8 Drinks That Are Harmful To Your Teeth

Posted by Gresham Family Dentistry on Wednesday, February 13, 2019

Gresham_Family_Dentistry_8 Drinks That Are Harmful To

Everything you consume has some effect on your overall dental health, and drinks are no exception. The effect a beverage has on your teeth depends on several things, but the key thing to consider is how acidic the drink is. Anything that measures 5.5 or less on the PH scale is consider acidic, and risks softening tooth enamel. Drinks high in acid and sugar do even more damage to your teeth. The following 8 drinks are among the most harmful for teeth so be sure to follow up with good dental habits after consuming these beverage choices.


In the case of wine, red is better than white (although no wine is good for your teeth). Because white wine has a higher level of acidity, it is more damaging to your tooth’s enamel. This damage leaves you vulnerable to discoloration and staining.


Depending on the type of vodka, the pH level can be anywhere from 4 to 8, with less expensive brands tending to be more acidic. However, alcohol also has a drying effect which breaks down saliva, one of your mouth’s natural defenses. Anything over moderate consumption of alcohol can be harmful.

Sparkling Water

It may surprise you to learn that sparkling water tends to have a pH level ranging from 2.74 to 3.34, which makes it more erosive to tooth enamel than orange jucie.

Sweet Coffee

Coffee’s pH level is relatively high, around 5, so it’s not as acidic as other drinks. There is also some evidence that coffee may actually be good for your teeth. However, adding sweeteners to your coffee makes it much worse.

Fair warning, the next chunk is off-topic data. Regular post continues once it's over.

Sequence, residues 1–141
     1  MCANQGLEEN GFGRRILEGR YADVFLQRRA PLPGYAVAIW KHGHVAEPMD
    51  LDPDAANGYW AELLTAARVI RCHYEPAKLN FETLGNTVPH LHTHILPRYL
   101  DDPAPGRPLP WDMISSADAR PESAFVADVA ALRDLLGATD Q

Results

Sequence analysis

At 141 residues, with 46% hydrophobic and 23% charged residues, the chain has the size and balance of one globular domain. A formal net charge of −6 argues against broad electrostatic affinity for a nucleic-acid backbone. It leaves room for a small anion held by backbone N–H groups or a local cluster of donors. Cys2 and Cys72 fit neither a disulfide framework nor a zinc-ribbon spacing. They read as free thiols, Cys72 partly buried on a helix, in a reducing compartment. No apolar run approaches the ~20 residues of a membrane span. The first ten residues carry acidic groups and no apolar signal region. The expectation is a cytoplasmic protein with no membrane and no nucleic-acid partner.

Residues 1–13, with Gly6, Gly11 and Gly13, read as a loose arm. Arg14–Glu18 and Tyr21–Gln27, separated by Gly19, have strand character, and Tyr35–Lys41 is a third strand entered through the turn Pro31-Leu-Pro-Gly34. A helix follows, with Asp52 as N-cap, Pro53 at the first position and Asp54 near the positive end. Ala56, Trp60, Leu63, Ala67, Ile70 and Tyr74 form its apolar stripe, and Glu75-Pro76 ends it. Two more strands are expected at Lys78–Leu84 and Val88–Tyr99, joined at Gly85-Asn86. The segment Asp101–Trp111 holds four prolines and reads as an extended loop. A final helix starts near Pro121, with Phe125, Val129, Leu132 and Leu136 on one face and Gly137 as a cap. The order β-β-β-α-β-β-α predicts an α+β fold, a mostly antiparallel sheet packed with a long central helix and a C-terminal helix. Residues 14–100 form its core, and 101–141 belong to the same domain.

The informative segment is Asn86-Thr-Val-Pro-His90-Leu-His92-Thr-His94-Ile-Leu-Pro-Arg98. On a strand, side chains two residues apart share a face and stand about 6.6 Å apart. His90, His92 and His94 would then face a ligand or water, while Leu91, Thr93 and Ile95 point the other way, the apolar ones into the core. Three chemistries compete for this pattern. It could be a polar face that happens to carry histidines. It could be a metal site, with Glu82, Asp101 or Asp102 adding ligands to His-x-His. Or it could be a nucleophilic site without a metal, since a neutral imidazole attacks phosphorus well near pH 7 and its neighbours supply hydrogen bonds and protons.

Soda, even when it’s sugar-free, does a number on your teeth. Recent studies have actually shown that there is really no difference in enamel dissolution between diet and regular sodas within the same brand. Acidity and overall composition of the beverage seems to play an important part in breaking down enamel.

Fruit Juice

Because fruit juices are more concentrated than they are in their natural fruit form, they do more damage than regular fruit. Orange juices has a pH level of about 3.5, while cranberry juice has a pH level of about 2.6. You can negate some of the erosive effects of juice by diluting it with about 50% water.

Fruit Punch

These drinks aren’t actually juice. Not only are they made mostly of sugar or high fructose corn syrup, but these drinks also lack any redeeming qualities found in actual juice. In addition to this, the pH level is around 3. It’s best to skip fruit punch all together.


While brewed teas have a pH level of 5.5 and therefore are relatively safe, iced teas have a pH level of 3.5 to 2.5 and are loaded with sugar. Some iced teas can be even worse than sodas.

Drink wisely and visit your dentist regularly!

Be proactive about your oral health — schedule an appointment for an oral check up with Gresham Family Dentistry. At Gresham Family Dentistry our priority is your comfort. We take pride in protecting the oral health of our Gresham clients. We offer a variety of dental services including teeth cleaning, oral surgeries, child dentistry, and more at Gresham Family Dentistry. Contact us or call 503-661-2600 to schedule your appointment.

Our hours of operation are Monday, Tuesday, Wednesday, and Friday 7:30 AM – 4:00 PM and Thursday 7:30 AM – 5:00 PM.


Categories: Dental Health, Dental Hygiene Tips, Oral Health, Teeth Cleaning

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